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Soldier deaths spur campaign against supplements

Army News Service

April 19, 2013

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A handful of the wrong dietary supplements could cause heat-related health issues for Soldiers. Before starting a diet in the sweltering Iraqi summer heat, Soldiers are encouraged to talk with a health professional first. (U.S. Army photo by Spc. Alexis Harrison)

A “David-and-Goliath” scenario, an Army installation commander standing up to a multi-billion-dollar industry over the deaths of three of his Soldiers, has borne fruit in a national Food and Drug Administration warning and the drugmaker’s decision to stop production of a controversial dietary supplement.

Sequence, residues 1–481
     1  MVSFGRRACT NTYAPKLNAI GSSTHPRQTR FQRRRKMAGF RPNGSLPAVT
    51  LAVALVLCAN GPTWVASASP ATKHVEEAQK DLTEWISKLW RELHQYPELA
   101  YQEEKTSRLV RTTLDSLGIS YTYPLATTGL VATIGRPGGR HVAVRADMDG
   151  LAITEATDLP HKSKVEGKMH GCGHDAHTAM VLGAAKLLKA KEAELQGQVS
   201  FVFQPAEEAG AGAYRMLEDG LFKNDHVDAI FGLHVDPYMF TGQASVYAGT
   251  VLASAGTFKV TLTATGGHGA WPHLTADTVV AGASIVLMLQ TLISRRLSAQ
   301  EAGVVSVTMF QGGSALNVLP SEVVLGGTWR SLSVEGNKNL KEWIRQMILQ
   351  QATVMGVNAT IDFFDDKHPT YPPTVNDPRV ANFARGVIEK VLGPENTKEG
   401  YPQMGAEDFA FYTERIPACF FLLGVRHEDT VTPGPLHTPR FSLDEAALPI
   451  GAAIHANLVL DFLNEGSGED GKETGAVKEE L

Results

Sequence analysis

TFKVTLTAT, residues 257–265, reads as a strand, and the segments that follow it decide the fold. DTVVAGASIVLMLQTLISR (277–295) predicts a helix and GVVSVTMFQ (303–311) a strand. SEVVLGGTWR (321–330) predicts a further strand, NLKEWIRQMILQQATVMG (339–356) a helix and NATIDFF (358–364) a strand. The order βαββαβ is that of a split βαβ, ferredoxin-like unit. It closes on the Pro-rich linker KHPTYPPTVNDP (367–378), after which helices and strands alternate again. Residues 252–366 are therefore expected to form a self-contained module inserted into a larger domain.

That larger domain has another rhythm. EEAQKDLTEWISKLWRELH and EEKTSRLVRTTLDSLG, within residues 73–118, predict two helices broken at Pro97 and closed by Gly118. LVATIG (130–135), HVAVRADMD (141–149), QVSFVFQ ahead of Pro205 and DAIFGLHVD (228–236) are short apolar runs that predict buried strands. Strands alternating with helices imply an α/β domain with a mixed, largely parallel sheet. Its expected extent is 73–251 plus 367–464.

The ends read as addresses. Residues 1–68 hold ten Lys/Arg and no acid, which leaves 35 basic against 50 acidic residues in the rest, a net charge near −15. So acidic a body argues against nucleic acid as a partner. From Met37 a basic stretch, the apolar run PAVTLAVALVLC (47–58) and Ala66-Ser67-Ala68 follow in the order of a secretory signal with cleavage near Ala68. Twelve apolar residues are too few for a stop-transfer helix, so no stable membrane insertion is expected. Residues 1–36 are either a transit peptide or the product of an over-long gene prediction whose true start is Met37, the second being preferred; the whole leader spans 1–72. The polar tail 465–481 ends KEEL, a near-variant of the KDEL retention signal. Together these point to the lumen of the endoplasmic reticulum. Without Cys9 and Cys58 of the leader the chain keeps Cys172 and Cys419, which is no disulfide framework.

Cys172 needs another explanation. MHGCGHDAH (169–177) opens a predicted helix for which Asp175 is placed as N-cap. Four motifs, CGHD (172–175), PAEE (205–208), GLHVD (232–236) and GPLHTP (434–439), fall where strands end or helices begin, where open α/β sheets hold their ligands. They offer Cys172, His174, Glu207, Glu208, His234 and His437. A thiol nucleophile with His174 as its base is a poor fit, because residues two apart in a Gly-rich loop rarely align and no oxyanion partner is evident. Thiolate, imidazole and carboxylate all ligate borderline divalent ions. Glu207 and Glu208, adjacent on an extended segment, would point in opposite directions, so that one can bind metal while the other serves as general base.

Gen. Dana J.H. Pittard, commander of Fort Bliss, Texas, and the 1st Armored Division, lauded USPlabs’s announcement that it would stop production of Jack3d.

The supplement contains dimethylamylamine, or DMAA, a stimulant popular among bodybuilders and dieters that the Food and Drug Administration, or FDA, last week linked to elevated blood pressure and heart attacks.

Pittard’s crusade against the supplement began in 2011, when two Fort Bliss Soldiers, Pfc. Michael Sparling and Sgt. Demekia Cola, died of heart failure during physical training. Their autopsies reviewed that DMAA use was a contributing factor in their deaths.

Come Aug. 1, that rule will apply to all Soldiers, whether they are retirement-eligible or not.

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